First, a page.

Acinetobacter baumannii

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Acinetobacter baumannii
Acinetobacter baumannii
Acinetobacter baumannii
Scientific classification
Kingdom: Bacteria
Phylum: Proteobacteria
Class: Gammaproteobacteria
Order: Pseudomonadales
Family: Moraxellaceae
Genus: Acinetobacter
Species: A. baumannii
Binomial name
Acinetobacter baumannii

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Editor-In-Chief: C. Michael Gibson, M.S., M.D. [1]

Overview

Acinetobacter baumannii is a species of pathogenic bacteria which forms opportunistic infections.[1] There have been many reports of drug-resistant A. baumannii infections among American soldiers wounded in Iraq.[2] These 'multi-drug resistant Acinetobacter baumannii' are often referred to as MDRAB.

Biology

See also the main article on the Acinetobacter genus

Acinetobacter baumannii is the most relevant human pathogen within the Acinetobacter genus. Most A. baumannii isolates are multiresistant, containing in their genome small, isolated islands of alien (meaning transmitted genetically from other organisms) DNA and other cytological and genetic material; this has led to more virulence.[1] Acinetobacter have no flagellum; the name is Greek for 'motionless'.[3]

Transmission and Prevalence

Acinetobacter enters into the body through open wounds, catheters, and breathing tubes. It usually infects those with compromised immune systems, such as the wounded, the elderly, children or those with immune diseases. Colonization poses no threat to people who aren't already ill, but colonized health care workers and hospital visitors can carry the bacteria into neighboring wards and other medical facilities.[4] The number of nosocomial infections (hospital-acquired infections) caused by A. baumannii has increased in recent years.[5]

The first military outbreaks of severe A. Baumannii infections occurred in April, 2003 in American soldiers returning from Iraq. Early reports attributed the infections to the Iraqi soil. Later testing demonstrated widespread contamination of field hospitals as the most plausible vector.[6]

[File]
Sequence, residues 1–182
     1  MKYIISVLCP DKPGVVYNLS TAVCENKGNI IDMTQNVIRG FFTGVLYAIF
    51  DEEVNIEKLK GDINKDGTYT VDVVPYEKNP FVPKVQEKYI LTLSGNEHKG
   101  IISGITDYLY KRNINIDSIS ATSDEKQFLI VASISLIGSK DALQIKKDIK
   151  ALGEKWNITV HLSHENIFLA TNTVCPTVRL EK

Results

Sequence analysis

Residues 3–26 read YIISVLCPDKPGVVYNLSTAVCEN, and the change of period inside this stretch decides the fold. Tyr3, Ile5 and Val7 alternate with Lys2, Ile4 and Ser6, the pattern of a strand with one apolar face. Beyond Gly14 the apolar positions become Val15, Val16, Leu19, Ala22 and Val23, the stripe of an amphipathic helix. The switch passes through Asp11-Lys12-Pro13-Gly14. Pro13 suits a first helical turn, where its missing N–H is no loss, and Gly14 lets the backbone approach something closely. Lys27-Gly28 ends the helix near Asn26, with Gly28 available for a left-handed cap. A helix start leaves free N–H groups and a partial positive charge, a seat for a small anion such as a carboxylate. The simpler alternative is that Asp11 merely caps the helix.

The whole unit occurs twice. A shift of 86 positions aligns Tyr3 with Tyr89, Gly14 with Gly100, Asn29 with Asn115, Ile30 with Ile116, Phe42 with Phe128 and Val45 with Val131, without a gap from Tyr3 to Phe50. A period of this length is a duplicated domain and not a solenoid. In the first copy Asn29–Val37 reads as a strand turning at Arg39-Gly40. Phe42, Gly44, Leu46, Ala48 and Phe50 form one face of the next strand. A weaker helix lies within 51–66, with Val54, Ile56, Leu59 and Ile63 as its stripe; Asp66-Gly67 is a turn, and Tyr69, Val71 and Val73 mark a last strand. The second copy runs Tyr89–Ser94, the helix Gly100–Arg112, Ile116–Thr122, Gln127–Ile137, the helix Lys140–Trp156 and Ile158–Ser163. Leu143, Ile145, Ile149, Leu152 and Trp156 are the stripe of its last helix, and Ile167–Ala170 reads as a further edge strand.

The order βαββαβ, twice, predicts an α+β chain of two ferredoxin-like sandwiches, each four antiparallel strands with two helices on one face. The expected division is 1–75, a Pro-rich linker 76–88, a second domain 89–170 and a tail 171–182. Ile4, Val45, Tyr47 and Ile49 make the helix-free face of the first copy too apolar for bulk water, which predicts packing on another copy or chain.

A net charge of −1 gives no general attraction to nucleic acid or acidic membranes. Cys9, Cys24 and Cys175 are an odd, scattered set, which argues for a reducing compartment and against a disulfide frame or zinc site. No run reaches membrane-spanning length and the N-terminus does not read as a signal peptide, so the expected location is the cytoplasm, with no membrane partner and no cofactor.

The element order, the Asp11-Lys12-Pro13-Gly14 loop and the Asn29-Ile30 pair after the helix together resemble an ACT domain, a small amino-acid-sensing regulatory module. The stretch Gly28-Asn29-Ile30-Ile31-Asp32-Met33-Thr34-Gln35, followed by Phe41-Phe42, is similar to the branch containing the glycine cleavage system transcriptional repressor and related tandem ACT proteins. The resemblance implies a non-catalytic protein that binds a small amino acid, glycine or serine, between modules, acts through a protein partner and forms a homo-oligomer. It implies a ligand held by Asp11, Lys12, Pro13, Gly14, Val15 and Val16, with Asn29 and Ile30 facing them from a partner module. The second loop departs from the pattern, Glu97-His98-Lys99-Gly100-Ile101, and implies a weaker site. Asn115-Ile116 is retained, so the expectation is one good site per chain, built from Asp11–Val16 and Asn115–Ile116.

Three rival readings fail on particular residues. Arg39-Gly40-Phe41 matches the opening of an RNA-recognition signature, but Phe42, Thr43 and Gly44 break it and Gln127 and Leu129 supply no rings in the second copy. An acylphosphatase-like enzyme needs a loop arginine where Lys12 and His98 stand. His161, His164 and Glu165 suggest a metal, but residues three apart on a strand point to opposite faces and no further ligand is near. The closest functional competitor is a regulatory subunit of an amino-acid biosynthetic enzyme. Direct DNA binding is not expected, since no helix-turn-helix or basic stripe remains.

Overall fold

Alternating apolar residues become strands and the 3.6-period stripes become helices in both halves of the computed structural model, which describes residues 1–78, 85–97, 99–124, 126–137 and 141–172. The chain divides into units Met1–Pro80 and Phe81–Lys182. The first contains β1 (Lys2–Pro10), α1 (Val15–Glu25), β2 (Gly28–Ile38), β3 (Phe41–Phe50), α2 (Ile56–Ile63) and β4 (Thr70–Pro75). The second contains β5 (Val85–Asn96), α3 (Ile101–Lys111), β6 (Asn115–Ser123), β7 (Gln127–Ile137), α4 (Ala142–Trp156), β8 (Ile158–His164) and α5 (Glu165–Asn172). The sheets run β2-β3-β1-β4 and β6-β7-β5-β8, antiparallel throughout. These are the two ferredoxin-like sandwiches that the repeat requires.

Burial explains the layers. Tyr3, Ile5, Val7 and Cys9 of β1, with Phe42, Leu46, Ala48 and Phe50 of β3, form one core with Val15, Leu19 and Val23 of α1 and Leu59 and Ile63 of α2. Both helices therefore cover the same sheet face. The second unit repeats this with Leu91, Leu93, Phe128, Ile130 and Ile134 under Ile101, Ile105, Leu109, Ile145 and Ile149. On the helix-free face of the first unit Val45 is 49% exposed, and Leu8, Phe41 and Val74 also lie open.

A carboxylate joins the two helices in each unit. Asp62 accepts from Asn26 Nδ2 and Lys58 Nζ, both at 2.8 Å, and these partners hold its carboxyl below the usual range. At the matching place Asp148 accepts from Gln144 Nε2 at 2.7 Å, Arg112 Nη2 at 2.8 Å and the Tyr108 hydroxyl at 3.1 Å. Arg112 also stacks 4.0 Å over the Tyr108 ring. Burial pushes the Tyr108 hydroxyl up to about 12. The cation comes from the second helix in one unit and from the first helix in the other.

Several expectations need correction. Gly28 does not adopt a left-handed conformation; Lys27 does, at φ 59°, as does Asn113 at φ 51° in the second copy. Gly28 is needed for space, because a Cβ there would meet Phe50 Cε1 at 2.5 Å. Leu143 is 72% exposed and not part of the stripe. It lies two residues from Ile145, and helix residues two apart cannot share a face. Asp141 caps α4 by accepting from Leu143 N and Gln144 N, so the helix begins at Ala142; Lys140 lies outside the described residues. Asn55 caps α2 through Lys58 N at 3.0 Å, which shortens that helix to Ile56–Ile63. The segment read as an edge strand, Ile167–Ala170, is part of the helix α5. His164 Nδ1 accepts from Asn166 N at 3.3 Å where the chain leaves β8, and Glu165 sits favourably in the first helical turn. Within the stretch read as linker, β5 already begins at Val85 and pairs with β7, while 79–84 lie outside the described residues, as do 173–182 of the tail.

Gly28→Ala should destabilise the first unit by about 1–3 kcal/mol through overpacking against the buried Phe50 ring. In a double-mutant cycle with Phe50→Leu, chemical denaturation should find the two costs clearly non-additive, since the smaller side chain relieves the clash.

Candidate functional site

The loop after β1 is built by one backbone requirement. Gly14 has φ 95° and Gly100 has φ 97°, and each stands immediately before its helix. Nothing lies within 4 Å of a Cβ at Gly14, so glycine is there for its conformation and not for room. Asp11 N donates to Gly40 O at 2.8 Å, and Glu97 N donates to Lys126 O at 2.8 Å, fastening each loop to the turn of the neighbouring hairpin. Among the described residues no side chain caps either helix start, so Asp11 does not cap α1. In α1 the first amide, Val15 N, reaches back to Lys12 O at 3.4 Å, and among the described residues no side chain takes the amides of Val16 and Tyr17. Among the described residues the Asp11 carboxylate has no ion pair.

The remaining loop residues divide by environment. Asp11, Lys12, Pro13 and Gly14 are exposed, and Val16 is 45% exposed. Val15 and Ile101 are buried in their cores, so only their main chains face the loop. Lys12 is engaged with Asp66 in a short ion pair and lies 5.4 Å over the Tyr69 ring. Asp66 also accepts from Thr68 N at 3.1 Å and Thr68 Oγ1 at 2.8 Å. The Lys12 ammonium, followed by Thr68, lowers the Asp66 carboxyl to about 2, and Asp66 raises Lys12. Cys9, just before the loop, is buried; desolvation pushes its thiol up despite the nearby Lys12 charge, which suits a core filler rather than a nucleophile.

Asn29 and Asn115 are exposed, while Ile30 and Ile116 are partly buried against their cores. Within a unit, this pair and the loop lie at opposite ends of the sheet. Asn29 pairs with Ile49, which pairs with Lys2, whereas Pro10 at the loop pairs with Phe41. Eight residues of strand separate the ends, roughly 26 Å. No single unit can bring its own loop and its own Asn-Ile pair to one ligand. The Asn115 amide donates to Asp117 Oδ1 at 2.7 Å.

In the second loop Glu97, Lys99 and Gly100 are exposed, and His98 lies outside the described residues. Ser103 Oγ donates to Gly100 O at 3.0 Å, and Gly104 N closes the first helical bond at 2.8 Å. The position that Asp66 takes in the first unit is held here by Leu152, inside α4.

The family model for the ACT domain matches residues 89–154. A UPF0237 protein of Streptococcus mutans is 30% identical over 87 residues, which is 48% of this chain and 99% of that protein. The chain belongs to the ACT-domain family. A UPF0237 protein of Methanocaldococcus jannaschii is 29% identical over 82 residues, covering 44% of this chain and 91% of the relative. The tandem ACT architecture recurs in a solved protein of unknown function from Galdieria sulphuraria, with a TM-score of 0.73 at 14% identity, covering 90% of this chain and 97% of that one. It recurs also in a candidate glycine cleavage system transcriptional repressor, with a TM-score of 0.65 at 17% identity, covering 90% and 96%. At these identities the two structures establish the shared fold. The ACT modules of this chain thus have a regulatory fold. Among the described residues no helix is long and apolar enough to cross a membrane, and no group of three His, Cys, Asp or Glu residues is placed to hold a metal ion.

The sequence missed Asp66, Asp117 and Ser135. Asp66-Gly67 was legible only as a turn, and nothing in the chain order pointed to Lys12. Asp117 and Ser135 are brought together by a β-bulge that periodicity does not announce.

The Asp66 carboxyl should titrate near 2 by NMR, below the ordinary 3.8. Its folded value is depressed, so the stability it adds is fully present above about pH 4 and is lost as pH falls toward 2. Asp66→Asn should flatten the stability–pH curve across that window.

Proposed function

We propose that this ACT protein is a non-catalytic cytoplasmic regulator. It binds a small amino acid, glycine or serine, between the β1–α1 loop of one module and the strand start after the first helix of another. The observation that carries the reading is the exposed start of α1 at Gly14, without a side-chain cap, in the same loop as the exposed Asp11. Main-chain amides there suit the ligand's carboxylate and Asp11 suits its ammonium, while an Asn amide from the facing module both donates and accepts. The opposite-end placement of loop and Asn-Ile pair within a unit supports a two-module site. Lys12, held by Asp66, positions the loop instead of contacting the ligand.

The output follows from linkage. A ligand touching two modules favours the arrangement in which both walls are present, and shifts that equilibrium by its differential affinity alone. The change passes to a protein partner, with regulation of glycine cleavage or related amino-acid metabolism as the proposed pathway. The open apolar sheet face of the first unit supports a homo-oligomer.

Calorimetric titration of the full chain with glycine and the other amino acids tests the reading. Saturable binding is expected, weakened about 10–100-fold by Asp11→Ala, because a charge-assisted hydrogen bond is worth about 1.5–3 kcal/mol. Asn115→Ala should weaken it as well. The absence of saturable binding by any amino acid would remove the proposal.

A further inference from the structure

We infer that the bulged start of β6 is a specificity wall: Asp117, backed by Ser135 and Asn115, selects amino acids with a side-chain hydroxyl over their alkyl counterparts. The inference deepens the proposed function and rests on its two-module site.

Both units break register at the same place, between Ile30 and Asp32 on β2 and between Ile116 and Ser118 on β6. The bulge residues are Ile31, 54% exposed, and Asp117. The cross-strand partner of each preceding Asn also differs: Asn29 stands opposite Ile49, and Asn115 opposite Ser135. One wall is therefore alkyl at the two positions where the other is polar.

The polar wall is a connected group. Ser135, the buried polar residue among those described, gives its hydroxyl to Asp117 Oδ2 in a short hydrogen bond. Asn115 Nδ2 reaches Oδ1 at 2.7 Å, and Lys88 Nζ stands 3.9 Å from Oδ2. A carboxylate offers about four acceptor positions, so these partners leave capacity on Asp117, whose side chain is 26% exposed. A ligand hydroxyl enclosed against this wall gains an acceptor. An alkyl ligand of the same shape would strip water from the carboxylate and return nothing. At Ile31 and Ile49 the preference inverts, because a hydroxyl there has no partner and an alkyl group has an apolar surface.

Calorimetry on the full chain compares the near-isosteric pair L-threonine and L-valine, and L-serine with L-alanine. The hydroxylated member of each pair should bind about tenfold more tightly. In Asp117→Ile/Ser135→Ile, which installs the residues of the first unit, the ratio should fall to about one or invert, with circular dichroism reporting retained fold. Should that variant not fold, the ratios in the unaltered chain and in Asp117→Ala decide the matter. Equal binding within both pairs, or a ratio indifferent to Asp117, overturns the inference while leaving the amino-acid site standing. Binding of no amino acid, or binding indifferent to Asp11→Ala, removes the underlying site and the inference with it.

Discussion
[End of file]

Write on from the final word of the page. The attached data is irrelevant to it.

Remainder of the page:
Virulence and Pathogenicity

This opportunistic pathogen causes a wide variety of serious infections in humans, mostly in compromised patients. Recently, A. baumannii has emerged as an important pathogen among wounded soldiers, threatening civilian and military patients.

Nosocomial A. baumannii bacteremia may cause severe clinical disease that is associated with a high mortality rate of up to 75%.[7] This opportunistic pathogen expresses a myriad of factors that could play a role in human pathogenesis. Among these factors are the attachment to and persistence on solid surfaces, the acquisition of essential nutrients such as iron, the adhesion to epithelial cells and their subsequent killing by apoptosis, and the production and/or secretion of enzymes and toxic products that damage host tissues. However, very little is known about the molecular nature of most of these processes and factors and almost nothing has been shown with regard to their role in bacterial virulence and the pathogenesis of serious infectious diseases. Fortunately, some of these gaps can now be filled by testing appropriate isogenic derivatives in relevant animal models that mimic the infections in humans, particularly the outcome of deadly pneumonia. Such an approach should provide new and relevant information on the virulence traits of this normally underestimated bacterial human pathogen.[1]